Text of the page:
Chicken broth vs stock Info??
Can anyone please tell me the difference between chicken broth, chicken boullion, & chicken stock? This has had me puzzled for years & no clear answer.
Which are you talking about, home made stuff, or store bought? If store, canned, boxed, or cubes?
Or can you give examples that use or refer to each of these?
Chicken broth, I believe, is like a clarified version of stock. Basically, it's clear, while stock isn't. In my opinion, stock has more flavor. From my experience, boullion is just broth in powdered form.
Also, stock is used as an ingredient, broth can be consumed as-is.
Here's what Alton Brown writes in "I'm Just Here for the Food" (p. 214 of 2nd ed):
"A stock is a liquid in which collagen from animal bones and connective tissue has been dissolved and converted into a protein matrix called gelatin. Broth and stock are not the same thing. A broth is essentially any liquid that's had food cooked in it, be it meat or vegetables. Bones are not required for a broth, but they are for a stock. Thus, there is no such thing as vegetable stock."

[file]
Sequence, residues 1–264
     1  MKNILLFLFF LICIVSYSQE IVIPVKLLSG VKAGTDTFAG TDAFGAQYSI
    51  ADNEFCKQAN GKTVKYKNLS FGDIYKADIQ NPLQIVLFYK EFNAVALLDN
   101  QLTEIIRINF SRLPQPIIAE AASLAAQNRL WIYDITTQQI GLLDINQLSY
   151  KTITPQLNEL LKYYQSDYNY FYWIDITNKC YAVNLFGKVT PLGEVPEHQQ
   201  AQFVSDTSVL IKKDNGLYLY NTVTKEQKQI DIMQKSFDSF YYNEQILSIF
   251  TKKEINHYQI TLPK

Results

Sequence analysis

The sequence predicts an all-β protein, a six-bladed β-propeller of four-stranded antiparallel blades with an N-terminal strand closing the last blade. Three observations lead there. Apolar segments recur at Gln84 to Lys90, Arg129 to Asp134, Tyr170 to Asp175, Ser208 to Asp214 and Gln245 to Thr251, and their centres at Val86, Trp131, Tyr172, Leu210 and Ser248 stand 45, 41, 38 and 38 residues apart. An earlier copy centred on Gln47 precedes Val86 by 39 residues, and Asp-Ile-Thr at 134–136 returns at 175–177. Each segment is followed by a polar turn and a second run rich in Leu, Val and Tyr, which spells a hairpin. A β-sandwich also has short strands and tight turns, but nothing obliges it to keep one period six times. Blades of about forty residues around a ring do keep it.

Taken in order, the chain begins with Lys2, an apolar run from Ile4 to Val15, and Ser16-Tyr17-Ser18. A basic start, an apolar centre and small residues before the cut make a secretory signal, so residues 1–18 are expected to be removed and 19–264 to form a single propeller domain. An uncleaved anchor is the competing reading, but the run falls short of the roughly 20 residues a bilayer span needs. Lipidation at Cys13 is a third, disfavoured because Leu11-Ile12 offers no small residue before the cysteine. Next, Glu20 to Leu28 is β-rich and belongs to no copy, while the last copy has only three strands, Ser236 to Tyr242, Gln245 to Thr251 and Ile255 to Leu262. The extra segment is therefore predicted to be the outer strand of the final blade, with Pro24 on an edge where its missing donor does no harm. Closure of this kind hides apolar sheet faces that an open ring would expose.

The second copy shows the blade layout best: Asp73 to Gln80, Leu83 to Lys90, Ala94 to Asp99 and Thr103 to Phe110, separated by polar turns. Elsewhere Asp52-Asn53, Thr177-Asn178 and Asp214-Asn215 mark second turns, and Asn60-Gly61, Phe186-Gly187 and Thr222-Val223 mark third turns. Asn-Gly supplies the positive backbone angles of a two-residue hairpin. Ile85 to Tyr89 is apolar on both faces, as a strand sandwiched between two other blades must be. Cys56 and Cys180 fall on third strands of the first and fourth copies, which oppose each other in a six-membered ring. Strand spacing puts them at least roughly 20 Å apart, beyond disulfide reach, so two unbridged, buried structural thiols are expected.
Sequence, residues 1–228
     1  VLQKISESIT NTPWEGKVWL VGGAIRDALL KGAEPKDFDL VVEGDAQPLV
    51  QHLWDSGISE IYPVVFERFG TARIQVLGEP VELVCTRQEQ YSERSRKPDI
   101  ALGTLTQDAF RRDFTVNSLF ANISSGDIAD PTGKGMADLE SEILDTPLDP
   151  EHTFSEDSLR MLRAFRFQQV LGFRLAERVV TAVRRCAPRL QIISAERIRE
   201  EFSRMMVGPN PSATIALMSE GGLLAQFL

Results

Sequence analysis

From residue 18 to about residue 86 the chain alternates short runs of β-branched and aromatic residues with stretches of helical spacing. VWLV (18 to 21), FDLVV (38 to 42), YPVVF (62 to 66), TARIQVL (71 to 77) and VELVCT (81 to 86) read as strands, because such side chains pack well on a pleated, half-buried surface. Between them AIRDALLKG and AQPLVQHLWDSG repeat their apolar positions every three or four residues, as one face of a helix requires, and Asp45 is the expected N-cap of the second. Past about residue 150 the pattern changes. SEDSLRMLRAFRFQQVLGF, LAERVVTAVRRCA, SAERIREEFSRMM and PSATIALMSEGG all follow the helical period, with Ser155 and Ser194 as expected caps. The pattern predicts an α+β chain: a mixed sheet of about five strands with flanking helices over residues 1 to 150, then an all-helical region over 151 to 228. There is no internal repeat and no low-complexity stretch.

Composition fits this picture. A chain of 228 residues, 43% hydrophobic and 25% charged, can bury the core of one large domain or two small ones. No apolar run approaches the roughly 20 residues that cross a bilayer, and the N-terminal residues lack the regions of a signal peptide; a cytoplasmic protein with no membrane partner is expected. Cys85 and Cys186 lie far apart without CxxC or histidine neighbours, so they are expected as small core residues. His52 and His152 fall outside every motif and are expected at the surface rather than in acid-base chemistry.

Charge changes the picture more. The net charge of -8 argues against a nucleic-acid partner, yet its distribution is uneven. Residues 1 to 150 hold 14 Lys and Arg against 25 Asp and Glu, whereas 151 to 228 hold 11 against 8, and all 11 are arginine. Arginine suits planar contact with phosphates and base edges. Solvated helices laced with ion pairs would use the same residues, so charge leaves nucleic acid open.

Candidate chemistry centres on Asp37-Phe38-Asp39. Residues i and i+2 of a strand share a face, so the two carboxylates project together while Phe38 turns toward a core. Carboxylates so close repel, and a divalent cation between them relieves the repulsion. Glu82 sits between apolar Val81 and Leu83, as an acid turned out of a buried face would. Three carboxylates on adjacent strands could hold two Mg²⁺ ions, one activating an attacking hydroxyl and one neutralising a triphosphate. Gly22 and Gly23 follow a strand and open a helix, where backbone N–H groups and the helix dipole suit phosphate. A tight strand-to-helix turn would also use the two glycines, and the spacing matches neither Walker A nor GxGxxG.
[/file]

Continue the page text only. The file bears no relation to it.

I think bouillon (not to be confused with bouillon cubes) is stock that has been strained.
Edit: I looked in McGee's "On Food and Cooking" as a more authoritative source than Alton Brown, and his terminology is not consistent with Brown's -- e.g. McGee writes about vegetable stock. So I look forward to other responses to this thread!
I am a great fan of McGee's and have a great deal of respect for Alton Brown (as a food scientist, not as a comedian). IMO, Alton Brown's definition is both accurate and simple to understand. If it isn't derived from an animal source protein that produces a gelatinous liquid, it isn't stock.
Allow me to add - the stuff that comes from cubes shouldn't even be labeled bouillon. It's little more than flavored salt.